Animals—and people—learn to link food sweetness and viscosity with high caloric content. Animal studies in the July International Journal of Obesity suggest that regularly ingesting sugar substitutes or artificially sweetened drinks might reprogram individuals so that they can no longer judge the caloric impact of truly sugary snacks.
In one test, Terry Davidson and Susan Swithers of Purdue University in West Lafayette, Ind., provided adolescent rats with sweet drinks and all of the food they wanted for 10 days. Some animals were given only sugared drinks; the rest received drinks sweetened with saccharin alternating with drinks containing sugar. At the experiment’s end, the animals fasted for 12 hours before receiving a 5-calorie chocolate snack, a substantial treat for a young rat.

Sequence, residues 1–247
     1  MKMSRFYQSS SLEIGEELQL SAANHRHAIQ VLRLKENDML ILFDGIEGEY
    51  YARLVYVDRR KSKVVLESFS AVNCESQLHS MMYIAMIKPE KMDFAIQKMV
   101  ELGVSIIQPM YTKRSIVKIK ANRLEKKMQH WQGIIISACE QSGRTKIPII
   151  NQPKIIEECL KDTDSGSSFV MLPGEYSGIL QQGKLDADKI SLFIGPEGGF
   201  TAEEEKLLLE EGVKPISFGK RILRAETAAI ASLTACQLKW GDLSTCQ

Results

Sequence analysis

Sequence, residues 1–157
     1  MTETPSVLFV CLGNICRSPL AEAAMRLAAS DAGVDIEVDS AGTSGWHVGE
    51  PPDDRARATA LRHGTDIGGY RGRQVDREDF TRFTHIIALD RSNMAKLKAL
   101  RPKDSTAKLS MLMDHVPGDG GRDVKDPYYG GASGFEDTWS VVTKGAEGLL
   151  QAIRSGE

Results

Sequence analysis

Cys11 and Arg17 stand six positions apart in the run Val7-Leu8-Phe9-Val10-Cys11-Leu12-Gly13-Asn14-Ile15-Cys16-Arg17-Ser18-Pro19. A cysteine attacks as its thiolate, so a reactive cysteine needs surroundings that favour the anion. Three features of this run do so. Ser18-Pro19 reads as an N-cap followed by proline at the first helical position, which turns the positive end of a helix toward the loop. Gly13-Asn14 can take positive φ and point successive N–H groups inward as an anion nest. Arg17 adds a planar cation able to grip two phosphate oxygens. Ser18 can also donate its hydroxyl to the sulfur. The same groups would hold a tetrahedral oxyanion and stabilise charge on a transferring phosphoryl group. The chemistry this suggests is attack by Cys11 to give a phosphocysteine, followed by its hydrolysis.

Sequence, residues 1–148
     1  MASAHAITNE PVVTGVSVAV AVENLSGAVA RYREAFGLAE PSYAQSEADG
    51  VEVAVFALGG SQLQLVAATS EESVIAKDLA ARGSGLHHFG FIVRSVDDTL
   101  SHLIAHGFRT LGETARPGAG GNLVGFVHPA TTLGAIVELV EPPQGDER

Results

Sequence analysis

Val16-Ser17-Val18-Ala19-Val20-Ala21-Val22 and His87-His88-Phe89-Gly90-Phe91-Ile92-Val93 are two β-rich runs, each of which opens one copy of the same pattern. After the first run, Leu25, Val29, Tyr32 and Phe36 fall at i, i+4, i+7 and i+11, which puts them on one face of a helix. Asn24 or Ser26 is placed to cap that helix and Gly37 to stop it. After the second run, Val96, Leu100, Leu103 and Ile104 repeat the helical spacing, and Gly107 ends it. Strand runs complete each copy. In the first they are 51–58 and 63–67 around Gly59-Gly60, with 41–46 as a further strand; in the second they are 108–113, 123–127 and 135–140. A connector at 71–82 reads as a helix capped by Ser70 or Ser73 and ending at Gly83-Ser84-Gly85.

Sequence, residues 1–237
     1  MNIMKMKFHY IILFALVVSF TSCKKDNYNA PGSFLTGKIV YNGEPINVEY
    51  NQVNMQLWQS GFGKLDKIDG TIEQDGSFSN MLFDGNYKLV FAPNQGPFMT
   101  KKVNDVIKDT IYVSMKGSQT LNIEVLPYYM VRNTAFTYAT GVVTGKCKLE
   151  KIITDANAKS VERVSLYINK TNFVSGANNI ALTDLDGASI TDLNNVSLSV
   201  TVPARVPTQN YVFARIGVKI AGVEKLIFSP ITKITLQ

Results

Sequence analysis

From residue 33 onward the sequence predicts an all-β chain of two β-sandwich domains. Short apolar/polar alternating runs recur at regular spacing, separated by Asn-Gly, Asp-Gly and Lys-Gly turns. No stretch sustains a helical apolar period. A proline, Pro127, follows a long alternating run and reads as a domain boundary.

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An hour later, the researchers offered the animals a full meal and tallied calorie consumption during the next 60 minutes. Rats that had gotten only sugared drinks ate another 4 calories, whereas those that had alternately downed sugared and artificially sweetened drinks pigged out on a whopping 15-calorie repast.
The data suggest that “if you confuse the relationship between sweet and calories,” the fight against overindulgence becomes more difficult, Swithers says. “We may have to learn to gauge energy intake in ways that require more of our attention.”
In a second test, mature rats received a high-calorie chocolate snack every day. For half of the animals, the snack was as thick as pudding; for the others, it was the consistency of milk. Both snacks had the same calories. Over 1 month, animals receiving the milklike supplement consistently gained a little more weight than the others did. This suggests, Swithers says, that “drinking a beverage may produce more weight gain than consuming the same calories in a more solid form.”